Miguel Orlando Collins, popularly known by his stage name Sizzla, a Veteran reggae artist stated that he was overwhelmed by the support for Jamaican music and culture throughout the world. He recently returned from his most recent tour of Japan. The reggae icon performed 13 gigs over the course of 14 days on the tour, which was titled Everlasting. Sizzla shared with the OBSERVER ONLINE that he was pleased to be reintroducing reggae music to the globe after a three-year break brought on by the COVID-19 epidemic.
The “Thank you mama” singer remarked, “It has been a very prosperous and enlightening tour. It was well received and the fans were appreciative of our efforts of getting here and doing the reggae dancehall concerts.” He continued, “The COVID-19 pandemic might have set back a lot of things in our lives, but the Japanese definitely got it going for us with the love for our reggae/dancehall music and this tour just re-energized us to take on the road again.”
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After completing his first tour since 2019, Sizzla stated that he felt reenergized and had a renewed appreciation for reggae music fans, particularly those in the Japanese market.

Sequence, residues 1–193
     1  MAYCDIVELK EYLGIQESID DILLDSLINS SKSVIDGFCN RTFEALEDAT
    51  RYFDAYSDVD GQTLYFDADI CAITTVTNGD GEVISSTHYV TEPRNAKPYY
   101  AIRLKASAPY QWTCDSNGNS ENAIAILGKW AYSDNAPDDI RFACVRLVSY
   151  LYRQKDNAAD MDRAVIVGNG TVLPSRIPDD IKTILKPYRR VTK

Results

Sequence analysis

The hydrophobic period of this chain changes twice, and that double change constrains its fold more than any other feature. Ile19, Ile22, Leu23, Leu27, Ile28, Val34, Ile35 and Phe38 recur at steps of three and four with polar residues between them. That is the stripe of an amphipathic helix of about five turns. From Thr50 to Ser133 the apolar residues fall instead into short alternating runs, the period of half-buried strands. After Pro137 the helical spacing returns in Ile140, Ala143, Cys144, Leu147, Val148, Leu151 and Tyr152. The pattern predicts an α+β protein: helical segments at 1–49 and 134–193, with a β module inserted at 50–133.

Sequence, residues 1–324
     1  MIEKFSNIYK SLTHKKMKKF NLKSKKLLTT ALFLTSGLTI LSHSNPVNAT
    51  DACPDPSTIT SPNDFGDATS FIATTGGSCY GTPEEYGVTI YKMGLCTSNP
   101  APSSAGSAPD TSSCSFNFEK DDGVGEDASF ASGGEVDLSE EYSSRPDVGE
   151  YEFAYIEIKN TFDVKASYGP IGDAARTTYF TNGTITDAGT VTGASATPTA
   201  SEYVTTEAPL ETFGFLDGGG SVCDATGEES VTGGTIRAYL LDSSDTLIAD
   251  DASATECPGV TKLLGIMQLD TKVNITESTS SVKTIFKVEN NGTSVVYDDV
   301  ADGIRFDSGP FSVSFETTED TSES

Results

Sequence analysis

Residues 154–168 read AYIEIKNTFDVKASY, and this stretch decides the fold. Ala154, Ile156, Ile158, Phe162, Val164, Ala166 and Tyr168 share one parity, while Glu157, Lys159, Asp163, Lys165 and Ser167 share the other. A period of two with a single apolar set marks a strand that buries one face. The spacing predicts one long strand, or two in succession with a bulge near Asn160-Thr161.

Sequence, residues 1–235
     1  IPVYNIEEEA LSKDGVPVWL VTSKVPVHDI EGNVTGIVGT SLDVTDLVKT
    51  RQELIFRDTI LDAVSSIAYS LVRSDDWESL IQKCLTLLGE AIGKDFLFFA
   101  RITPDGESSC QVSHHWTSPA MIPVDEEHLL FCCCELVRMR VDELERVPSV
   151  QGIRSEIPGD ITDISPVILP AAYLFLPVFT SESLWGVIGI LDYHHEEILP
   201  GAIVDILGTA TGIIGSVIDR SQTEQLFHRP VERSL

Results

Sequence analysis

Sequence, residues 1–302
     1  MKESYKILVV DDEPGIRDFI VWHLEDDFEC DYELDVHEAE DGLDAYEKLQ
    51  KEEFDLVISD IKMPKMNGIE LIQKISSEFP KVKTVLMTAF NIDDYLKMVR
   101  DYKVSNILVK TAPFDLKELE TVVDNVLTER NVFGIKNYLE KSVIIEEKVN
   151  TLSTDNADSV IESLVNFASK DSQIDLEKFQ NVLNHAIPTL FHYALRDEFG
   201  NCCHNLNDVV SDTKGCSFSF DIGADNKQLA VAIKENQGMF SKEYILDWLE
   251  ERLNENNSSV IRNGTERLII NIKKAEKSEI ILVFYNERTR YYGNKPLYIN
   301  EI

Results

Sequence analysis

“The Japanese people have always respected our culture with high regard for our African, Jamaican nationals. Based on my observation over the years of coming here and doing shows, the Rastafari culture is well accepted and embedded in these people. The Japanese people see Reggae music as a part of their lives and well-being so much that they’ve started making brands out of our culture of red, gold, and green. They are learning the vernacular, making sound systems, entering clashes, and winning.”
Sizzla said that Jamaican music is regarded as global and elevated in nations like Japan, expressing the opinion that some areas of the entertainment business are not given enough credit. “We the people in Jamaica might not know how much the Japanese loved our music and lifestyle of something being neglected by our own government and people,” he remarked.
He said, expressing his gratitude for being a part of a culture that is so widely recognized and adored: “The music has sparked such a flame in the Japanese that they visit our country very often to learn of the characters of our people, culture and even the dishes of the Jamaican cuisine.”
He expressed his love for the genre as well as a display of gratitude towards the hosting country. “Music is life and I myself am so honored in being a part of such contributions. Reggae music is the biggest thing here apart from their own indigenous music and my team and I were treated well. If given the chance I’d visit more often.”